Solar Living, Without Compromising on Lifestyle

“The idea is to prove to people that solar works, and you don’t have to give up your lifestyle to use it,” said Richard King, director of the biennial competition for the Energy Department, which gives $100,000 to each team to get the projects started. The event is also meant to get the students to think about solving energy problems in affordable ways — all the projects have to be geared to a specific market, from low to high income.

Congress Approves Funding for Hydrogen Cars

The hydrogen car may have legions of fervent fans, but Energy Secretary Steven Chu is not apparently among them. Earlier this year, the Nobel prize-winning scientist essentially zeroed government funding for the clean vehicles and came close to mocking their potential, saying the technology needs four "miracles" before it can become widely adopted.

"Saints only need three," he cracked in a magazine interview.

But the hydrogen car is back. On Thursday, the Senate agreed to restore nearly all the money for hydrogen car research that the administration had proposed to cut.

Everything Under the Sun

Energy Secretary Steven Chu argues that incentives for private-sector innovators are key to achieving breakthroughs in energy efficiency.

Hybrid Cars May Include Fake Vroom for Safety

The notion that battery E.V.’s and plug-in hybrids might be too quiet has gained backing in Congress, among federal regulators and on the Internet. The Pedestrian Safety Enhancement Act of 2009, introduced early this year, would require a federal safety standard to protect pedestrians from ultra-quiet cars.

Karen Aldana, a spokeswoman for traffic safety agency, which is also working on the issue, said, “We’re looking at data on noise and E.V. safety, but manufacturers are starting to address it voluntarily.”

U.S. Rejects Nuclear Plant Over Design of Key Piece

WASHINGTON — The Nuclear Regulatory Commission said Thursday that it had rejected a design by Westinghouse for a new reactor because a key component might not withstand events like earthquakes and tornadoes.

The rejection raises the possibility of delays in building 14 planned reactors in the United States, including two twin-reactor projects in Georgia and South Carolina that are leading the pack. Westinghouse, which is owned by Toshiba, promised to conduct tests as quickly as possible to try to satisfy the agency staff that the design was sound.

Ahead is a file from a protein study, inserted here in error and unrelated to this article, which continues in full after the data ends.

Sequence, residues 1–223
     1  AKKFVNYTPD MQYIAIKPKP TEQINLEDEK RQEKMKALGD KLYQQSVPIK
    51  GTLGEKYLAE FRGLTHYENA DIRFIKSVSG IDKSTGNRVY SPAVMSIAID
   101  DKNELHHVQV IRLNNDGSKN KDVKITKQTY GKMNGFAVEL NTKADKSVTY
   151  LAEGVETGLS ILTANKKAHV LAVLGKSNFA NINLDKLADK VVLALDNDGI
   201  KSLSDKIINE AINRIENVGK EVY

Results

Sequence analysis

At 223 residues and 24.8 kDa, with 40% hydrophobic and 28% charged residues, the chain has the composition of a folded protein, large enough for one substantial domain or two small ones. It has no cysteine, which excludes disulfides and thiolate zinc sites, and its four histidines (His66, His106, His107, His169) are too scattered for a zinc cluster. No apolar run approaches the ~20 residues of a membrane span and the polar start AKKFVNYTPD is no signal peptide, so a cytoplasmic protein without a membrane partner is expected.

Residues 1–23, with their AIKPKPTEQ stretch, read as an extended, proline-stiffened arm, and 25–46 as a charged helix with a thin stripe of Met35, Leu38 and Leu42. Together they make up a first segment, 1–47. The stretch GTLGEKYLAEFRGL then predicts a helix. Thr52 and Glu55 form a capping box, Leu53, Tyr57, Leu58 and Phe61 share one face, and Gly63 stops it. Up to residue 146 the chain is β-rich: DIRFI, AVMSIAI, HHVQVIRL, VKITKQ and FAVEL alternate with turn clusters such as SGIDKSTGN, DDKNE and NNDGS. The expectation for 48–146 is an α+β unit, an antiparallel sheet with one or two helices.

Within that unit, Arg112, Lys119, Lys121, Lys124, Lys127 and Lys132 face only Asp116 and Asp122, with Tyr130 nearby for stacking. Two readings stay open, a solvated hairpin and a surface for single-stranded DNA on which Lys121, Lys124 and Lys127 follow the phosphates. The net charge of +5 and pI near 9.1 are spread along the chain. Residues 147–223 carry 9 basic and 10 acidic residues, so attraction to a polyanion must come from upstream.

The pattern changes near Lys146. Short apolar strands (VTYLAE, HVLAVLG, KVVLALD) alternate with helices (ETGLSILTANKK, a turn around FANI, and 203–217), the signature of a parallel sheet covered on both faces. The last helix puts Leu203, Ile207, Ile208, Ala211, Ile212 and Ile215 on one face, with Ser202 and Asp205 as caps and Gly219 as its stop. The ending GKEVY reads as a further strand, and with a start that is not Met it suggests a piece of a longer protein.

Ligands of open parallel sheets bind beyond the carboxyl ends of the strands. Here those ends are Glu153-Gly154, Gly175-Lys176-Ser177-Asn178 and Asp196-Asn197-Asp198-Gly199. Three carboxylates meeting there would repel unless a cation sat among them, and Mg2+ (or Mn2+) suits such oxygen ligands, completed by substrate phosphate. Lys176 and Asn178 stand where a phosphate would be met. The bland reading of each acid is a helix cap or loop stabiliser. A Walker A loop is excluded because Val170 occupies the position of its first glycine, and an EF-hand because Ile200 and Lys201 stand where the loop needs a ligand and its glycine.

Even Rabbit Droppings Count in Nuclear Cleanup

WASHINGTON — Anything that hops, burrows, buzzes, crawls or grazes near a nuclear weapons plant may be capable of setting off a Geiger counter. And at the Hanford nuclear reservation, one of the dirtiest of them all, its droppings alone might be enough to trigger alarms.

A government contractor at Hanford, in south-central Washington State, just spent a week mapping radioactive rabbit feces with detectors mounted on a helicopter flying 50 feet over the desert scrub. An onboard computer used GPS technology to record each location so workers could return later to scoop up the droppings for disposal as low-level radioactive waste.

Shifting Demographics Set to Affect Global Markets

Forces of change seem to come in one of two varieties: bumps and grinds.

Bumps are generally eventa contained in the short term that produce profound effects. Think about 9/11 or an earthquake. Grinds are slow, almost imperceptible events which produce significant change over longer time periods. Think climate change or the peak oil story.

Demographic changes are often thought to be a grind factor for obvious reasons. However, with the ebbing of the financial and economic crisis, countries will contemplate fiscal reform and the dramatic shifts in demographic influence will likely shape policy in powerful ways and may be experienced as both a bump and a grind.

E.P.A. Vows Better Effort on Water

The Environmental Protection Agency said on Thursday that it would overhaul enforcement of the Clean Water Act, as lawmakers sharply criticized the agency’s decade-long lapses in punishing polluters.

A perfect storm's brewing to cool petroleum demand

TOKYO (MarketWatch) -- A perfect storm of influences is having a lasting effect on the world's petroleum markets and there's nothing on the horizon to sway its path.